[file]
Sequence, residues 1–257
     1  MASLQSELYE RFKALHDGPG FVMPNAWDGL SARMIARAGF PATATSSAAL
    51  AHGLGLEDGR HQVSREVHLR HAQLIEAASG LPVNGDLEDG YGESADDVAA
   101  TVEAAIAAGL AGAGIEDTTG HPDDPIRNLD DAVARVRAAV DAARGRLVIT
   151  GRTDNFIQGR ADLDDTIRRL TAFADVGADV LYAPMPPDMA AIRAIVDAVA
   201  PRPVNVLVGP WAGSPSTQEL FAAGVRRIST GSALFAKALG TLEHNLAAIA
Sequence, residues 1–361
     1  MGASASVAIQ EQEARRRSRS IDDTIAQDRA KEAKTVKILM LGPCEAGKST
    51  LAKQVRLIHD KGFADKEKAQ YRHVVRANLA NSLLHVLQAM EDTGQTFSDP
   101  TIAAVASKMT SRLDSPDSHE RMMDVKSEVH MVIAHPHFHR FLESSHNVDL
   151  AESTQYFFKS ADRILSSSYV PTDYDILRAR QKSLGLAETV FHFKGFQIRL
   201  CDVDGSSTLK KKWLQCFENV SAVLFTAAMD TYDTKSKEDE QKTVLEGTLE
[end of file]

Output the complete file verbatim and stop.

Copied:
Sequence, residues 1–257
     1  MASLQSELYE RFKALHDGPG FVMPNAWDGL SARMIARAGF PATATSSAAL
    51  AHGLGLEDGR HQVSREVHLR HAQLIEAASG LPVNGDLEDG YGESADDVAA
   101  TVEAAIAAGL AGAGIEDTTG HPDDPIRNLD DAVARVRAAV DAARGRLVIT
   151  GRTDNFIQGR ADLDDTIRRL TAFADVGADV LYAPMPPDMA AIRAIVDAVA
   201  PRPVNVLVGP WAGSPSTQEL FAAGVRRIST GSALFAKALG TLEHNLAAIA
Sequence, residues 1–361
     1  MGASASVAIQ EQEARRRSRS IDDTIAQDRA KEAKTVKILM LGPCEAGKST
    51  LAKQVRLIHD KGFADKEKAQ YRHVVRANLA NSLLHVLQAM EDTGQTFSDP
   101  TIAAVASKMT SRLDSPDSHE RMMDVKSEVH MVIAHPHFHR FLESSHNVDL
   151  AESTQYFFKS ADRILSSSYV PTDYDILRAR QKSLGLAETV FHFKGFQIRL
   201  CDVDGSSTLK KKWLQCFENV SAVLFTAAMD TYDTKSKEDE QKTVLEGTLE